TT-486 -- A Possible Solution for Tainted Food, ebiz news from Japan

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A weekly roundup of news & information from Terrie Lloyd.

General Edition Sunday, September 21, 2008 Issue No. 486


- What's new
- News
- Candidate roundup/Vacancies
- Upcoming events
- Corrections/Feedback
- News credits

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The news this last week has been dominated by two strong
alternating images which really speak to the realignment of
world business and power. The first was of course the near
meltdown of the U.S. economic system, with the collapse of
Lehman Brothers, the rescue of AIG, and the buy-out of
Merrill Lynch. Looking at these events unfold, we were
reminded that the laws of nature certainly do apply to
economics, even though these basic laws (e.g., you can only
spend what you earn, what goes up must come down, etc.)
have been skillfully postponed and re-routed by Greenspan
and co., over the last decade.

Despite the quick and decisive action of the U.S. Treasury,
we suspect that the financial meltdown is far from over.
You can't print up half a trillion dollars and throw them
at 4 essentially bankrupt companies (Bear Sterns, Fannie
Mae and Freddie Mac, and AIG) and not expect to devalue
your currency or stoke inflation. We do find it interesting
how Paulson and co. have managed to get the central banks
of other major western (plus Japan's) economies to come
along for the ride and share the pain. Certainly this will
help keep the dollar from dropping for another few months
-- perhaps at least until after the elections.

Then of course, there are those US$6trn worth of
non-transparent CDS derivatives floating around in the
financial system, which still have to be accounted for
or settled. No one really knows what the fall-out from
settling these will be -- especially since some of their
issuers are now no longer in business.

The contrasting image in the news was of China, now the USA's
largest economic competitor, and shows that that country is also
running into the realities of its own systemic problems. The
China event was a meltdown of public trust (we think economic
and political problems are still to come), with the
Melamine-in-the-Milk-Powder scandal. Images of hundreds and
now apparently thousands of babies lying sick in hospital
due to contamination of infant milk formula is creating a
level of anger rarely allowed to surface in that country.

[Continued below...]

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[...Article continues]

We feel that the China incident points to the fact that you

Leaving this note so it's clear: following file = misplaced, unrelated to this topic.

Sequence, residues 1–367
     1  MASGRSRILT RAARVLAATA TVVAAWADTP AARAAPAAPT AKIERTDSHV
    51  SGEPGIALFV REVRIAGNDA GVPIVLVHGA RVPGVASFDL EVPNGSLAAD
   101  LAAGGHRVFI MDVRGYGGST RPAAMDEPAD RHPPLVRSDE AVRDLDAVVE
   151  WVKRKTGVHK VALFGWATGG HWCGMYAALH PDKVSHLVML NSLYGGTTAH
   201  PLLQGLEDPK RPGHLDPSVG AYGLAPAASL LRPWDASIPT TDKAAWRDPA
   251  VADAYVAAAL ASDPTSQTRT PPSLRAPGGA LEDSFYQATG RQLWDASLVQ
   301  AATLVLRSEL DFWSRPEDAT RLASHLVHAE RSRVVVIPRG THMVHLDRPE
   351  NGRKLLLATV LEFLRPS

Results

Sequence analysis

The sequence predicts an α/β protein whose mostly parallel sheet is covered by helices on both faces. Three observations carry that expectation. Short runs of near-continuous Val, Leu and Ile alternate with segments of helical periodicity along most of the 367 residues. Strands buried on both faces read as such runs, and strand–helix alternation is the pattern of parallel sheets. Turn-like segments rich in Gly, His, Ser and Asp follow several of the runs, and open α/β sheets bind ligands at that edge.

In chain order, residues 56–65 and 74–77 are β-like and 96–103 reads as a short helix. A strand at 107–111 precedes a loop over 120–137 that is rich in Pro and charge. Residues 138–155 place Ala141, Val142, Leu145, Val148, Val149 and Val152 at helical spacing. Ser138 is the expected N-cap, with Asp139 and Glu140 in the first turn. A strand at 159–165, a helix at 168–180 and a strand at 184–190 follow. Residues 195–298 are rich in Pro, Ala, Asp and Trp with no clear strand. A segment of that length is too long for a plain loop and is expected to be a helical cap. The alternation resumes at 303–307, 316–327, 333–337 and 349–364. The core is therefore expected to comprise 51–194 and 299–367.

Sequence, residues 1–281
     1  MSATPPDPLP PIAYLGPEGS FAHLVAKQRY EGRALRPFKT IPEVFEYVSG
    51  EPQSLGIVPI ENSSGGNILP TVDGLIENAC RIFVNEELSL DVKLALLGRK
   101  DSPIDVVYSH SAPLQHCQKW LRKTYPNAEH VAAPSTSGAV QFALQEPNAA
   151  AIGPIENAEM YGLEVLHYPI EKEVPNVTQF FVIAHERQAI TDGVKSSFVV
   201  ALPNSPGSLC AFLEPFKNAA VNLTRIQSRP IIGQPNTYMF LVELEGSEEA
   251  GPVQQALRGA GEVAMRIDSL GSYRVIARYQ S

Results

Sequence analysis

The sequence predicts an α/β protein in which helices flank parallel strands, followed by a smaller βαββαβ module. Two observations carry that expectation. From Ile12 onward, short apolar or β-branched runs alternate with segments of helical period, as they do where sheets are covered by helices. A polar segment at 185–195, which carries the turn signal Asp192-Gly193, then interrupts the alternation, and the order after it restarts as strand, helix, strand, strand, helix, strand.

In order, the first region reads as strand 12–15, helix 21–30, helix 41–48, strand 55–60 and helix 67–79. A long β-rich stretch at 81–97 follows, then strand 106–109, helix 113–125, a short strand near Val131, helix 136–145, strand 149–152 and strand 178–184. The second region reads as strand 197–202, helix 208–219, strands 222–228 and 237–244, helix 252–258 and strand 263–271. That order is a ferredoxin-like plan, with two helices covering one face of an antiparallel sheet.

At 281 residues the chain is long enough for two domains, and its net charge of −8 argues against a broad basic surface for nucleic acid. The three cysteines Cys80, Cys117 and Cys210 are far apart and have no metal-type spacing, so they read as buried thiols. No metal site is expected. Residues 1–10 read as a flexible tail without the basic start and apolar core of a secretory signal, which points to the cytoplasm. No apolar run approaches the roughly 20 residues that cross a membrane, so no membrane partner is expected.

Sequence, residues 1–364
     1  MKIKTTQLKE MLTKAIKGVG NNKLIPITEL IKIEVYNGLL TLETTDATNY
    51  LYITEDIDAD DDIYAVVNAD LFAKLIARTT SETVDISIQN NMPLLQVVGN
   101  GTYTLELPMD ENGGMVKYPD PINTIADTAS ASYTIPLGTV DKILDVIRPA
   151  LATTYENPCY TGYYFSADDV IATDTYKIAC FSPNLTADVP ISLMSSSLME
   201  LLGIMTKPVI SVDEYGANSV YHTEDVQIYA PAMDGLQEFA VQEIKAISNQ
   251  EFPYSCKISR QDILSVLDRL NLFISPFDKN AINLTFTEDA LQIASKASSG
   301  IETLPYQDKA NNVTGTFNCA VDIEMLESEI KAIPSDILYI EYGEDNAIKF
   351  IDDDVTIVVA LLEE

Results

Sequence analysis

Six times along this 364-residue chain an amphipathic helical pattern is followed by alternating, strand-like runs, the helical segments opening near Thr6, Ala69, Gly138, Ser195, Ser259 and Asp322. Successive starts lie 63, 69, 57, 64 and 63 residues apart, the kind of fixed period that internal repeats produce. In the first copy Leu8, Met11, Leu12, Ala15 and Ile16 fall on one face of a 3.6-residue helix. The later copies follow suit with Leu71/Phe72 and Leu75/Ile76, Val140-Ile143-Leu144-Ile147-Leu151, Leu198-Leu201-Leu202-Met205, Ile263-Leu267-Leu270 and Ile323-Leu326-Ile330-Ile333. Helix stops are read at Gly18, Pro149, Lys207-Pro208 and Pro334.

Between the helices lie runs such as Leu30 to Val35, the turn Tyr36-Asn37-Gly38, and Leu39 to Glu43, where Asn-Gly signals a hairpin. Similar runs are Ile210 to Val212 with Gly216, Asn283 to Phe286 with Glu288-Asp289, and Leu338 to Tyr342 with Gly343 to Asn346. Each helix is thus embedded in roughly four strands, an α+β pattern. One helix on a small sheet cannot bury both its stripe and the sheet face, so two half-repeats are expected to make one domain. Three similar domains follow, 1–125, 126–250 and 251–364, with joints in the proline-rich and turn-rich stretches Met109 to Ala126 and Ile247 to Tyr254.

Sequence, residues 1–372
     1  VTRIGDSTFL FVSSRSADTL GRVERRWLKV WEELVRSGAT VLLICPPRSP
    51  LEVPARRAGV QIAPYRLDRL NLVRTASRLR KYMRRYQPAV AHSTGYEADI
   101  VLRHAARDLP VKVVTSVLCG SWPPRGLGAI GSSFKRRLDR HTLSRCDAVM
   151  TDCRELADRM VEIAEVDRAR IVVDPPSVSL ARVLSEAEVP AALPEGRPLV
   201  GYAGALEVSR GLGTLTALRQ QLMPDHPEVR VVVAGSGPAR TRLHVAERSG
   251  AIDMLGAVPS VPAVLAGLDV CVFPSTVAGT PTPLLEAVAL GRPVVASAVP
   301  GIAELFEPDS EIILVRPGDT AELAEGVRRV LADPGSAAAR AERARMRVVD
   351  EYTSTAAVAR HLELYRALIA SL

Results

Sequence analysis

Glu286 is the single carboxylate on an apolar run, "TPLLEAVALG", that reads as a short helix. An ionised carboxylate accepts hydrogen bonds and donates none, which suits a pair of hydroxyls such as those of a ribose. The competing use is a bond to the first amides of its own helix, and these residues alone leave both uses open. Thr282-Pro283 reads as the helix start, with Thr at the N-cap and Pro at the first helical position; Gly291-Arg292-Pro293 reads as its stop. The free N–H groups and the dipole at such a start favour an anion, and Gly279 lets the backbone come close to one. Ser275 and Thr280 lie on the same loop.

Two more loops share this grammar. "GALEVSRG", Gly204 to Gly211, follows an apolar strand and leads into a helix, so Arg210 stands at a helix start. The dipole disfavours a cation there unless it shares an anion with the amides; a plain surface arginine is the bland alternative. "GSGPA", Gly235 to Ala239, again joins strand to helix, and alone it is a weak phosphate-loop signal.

can't take a country that just 20 years ago was an economic
and educational backwater, and expect it to suddenly start
behaving like a modern fully functional state. Peasant
attitudes borne of a harsh life economically and high
mortality rate still linger just below the surface, and as
Japan has proven, you need at least 1-2 generations of
educated citizens to adopt a set of values that they
actually believe in and will work towards. Values such as
the sanctity of human life, rule of law, government for the
people, clean and safe living environment, safe food, etc.
are still in short supply in China.

While in the past a third world country's internal
development was naturally regulated by its own ability to
educate and provide for its population, gradually
interconnecting with global commerce, the advent of
first-world companies jumping head-first into China (and
now India and Vietnam) with bags of cash and large, modern
plants and technology, has turned the natural order of
things on its head. Because of this, it's no wonder that
those not working in the factories, the farmers in
particular, have looked on with envy at the newfound wealth
and status of their luckier worker-bee compatriots.

It doesn't take much to see that this envy of the "haves"
naturally leads the "have-nots" (the farmers) to try to
improve their own earnings through whatever means possible,
including tainted fertilizers, counterfeit pesticides,
risky animal drugs, and other dubious business practices.
The attitude of Chinese authorities appears to be that they
are willing to accept some collateral damage in the pursuit
of growth. As a result, as of 2005, China became the world's
largest exporter of food, with exports in excess of US$53.3bn
in that year (certainly a lot higher now). Until this year, 27%
of that food was coming to Japan, 12% to the USA, and
another 18% to South Korea, Hong Kong and Germany. Thus,
the cultural problems that occur in China have become
inextricably linked to to those countries who import its

Certainly the tainted milk scandal is going to have some
severe repercussions on the Chinese-sourced food market in
Japan. When insecticide-tainted gyoza started showing up in
Japan in January of this year, it highlighted the fact that
Japan is in fact addicted to the huge volume of low-cost
food coming in from China. The Japan-inbound food trade at
the time was around approximately JPY1.6trn (US$14.9bn),
and was (and still is) by far the largest food source for
Japan. With an average salary of just 5%-10% of a Japanese
farmer, the economics are irresistible.

Even so, the Japanese are particularly sensitive about the
quality of their imported food, especially since around
60% of all food is now imported, and after the gyoza
scandal the year-on-year volume of produce imports from
China fell by 32% in March this year, and by 26% in June.
Yes, Mrs Watanabe likes low-cost dumplings, potatoes, and
onions, but not if her family are going to get sickened by

This latest food scandal has already touched Japan's
shores. Much like Singapore and Hong Kong, which have
found melamine contamination in liquid milk imported from
China and which have subsequently both issued urgent
recalls of milk products, Japan's supply chain also
includes milk that is sourced from China. Osaka food maker
Marudai has recalled at least three products on the
possibility that they are contaminated, and the Ministry of
Health is checking with hundreds of other companies to make
sure that they follow suit. The government does not want a
repeat of the recent tainted rice scandal (insecticide
tainted industrial-purpose rice from China that got
diverted into the human food chain) which in this last week
claimed the job of the Farm Minister.

To improve its food security, Japan is already in the
throes of slowly changing its farming and food source